Fifty years of studies on split-brain patients (i.e., patients who underwent the resection of the corpus callosum) allowed Gazzaniga and his collaborators to frame the role of the left hemisphere in the consciousness of the self and to suggest the idea of an “Interpreter” (Volz and Gazzaniga, 2017). The typical observation is as follows: Visual stimuli tachistoscopically presented to the left hemifield are processed by the right hemisphere. Surprisingly, in this condition, split-brain patients verbally report that they do not see any stimulus. Even more surprisingly, when requested to point to a semantically related stimulus these patients point at the correct item with the left hand but do not verbally formulate the correct relationship. In healthy participants, information is transferred from the right hemisphere to the left one, interpreted and labeled. Results suggested that the “Interpreter” is located in the left hemisphere and it is strictly dependent not only on language but also on inferential reasoning (Volz and Gazzaniga, 2017).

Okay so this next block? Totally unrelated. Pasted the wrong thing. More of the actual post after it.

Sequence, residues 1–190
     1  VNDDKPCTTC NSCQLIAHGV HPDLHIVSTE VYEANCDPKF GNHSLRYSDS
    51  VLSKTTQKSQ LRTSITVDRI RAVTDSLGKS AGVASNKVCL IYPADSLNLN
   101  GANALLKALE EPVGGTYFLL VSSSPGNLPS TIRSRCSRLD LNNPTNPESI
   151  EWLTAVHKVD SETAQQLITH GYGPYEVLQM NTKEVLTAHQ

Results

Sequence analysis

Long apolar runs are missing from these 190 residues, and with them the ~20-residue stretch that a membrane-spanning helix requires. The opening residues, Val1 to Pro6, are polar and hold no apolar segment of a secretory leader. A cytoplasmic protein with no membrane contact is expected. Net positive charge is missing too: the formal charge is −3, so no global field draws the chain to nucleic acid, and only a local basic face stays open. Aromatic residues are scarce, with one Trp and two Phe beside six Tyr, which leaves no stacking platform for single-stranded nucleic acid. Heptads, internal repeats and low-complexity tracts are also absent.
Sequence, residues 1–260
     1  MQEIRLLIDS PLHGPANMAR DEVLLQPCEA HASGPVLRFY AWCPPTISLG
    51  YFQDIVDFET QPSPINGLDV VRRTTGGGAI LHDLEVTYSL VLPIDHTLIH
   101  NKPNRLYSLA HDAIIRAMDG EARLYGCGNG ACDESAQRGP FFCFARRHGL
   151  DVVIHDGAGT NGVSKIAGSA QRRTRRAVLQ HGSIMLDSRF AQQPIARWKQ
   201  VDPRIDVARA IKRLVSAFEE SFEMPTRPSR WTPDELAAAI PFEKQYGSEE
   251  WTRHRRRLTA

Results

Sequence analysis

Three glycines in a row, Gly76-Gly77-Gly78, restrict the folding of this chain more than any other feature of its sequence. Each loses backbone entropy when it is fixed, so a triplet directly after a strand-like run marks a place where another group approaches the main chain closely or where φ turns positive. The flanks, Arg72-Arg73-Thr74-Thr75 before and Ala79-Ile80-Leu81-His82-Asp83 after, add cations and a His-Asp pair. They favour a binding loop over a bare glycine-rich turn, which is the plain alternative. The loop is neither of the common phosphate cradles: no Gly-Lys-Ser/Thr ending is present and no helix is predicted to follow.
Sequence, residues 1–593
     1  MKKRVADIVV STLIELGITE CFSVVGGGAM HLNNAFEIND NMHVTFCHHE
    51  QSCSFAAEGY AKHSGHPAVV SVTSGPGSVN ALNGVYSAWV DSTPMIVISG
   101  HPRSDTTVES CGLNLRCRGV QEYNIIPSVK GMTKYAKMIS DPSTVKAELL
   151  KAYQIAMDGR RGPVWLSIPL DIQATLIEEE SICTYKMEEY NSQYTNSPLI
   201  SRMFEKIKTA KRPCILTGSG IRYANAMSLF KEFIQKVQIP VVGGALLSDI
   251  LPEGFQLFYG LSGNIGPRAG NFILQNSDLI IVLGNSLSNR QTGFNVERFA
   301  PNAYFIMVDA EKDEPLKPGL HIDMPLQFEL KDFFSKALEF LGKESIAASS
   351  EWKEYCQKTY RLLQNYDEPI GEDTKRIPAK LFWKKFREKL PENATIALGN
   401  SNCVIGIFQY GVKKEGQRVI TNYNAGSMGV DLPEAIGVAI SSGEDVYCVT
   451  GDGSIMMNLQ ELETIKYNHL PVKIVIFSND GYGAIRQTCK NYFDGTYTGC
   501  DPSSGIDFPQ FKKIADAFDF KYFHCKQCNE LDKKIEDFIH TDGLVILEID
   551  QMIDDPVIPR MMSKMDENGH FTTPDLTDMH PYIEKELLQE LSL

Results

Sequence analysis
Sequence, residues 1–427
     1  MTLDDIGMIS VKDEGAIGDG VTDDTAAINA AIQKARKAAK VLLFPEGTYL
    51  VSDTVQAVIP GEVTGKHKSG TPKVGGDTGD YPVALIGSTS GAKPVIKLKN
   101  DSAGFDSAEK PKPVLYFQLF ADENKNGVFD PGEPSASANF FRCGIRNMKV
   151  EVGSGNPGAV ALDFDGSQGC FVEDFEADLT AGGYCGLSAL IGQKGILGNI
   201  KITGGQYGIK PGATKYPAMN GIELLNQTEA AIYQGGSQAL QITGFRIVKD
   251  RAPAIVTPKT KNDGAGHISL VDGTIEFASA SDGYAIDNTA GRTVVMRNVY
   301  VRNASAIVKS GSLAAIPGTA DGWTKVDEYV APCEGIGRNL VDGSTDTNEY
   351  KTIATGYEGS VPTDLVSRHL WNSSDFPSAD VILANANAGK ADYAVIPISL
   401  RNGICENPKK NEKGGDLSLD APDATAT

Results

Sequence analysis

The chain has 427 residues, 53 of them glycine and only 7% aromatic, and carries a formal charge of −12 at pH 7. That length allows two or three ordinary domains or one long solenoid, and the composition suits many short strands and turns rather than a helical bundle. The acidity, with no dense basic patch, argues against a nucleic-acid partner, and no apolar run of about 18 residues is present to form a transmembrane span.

The Interpreter represents a crucial aspect of consciousness and its localization, including left ventro-prefrontal cortex, left anterior and mid-insula, and dorsal caudate, is congruent with many studies about self-consciousness in healthy participants (e.g., Denny et al., 2012).
The Underestimation of the Corpus Callosum Role
The studies on split-brain patients suggest an essential role not only of the left hemisphere but also of the corpus callosum in the conscious experience.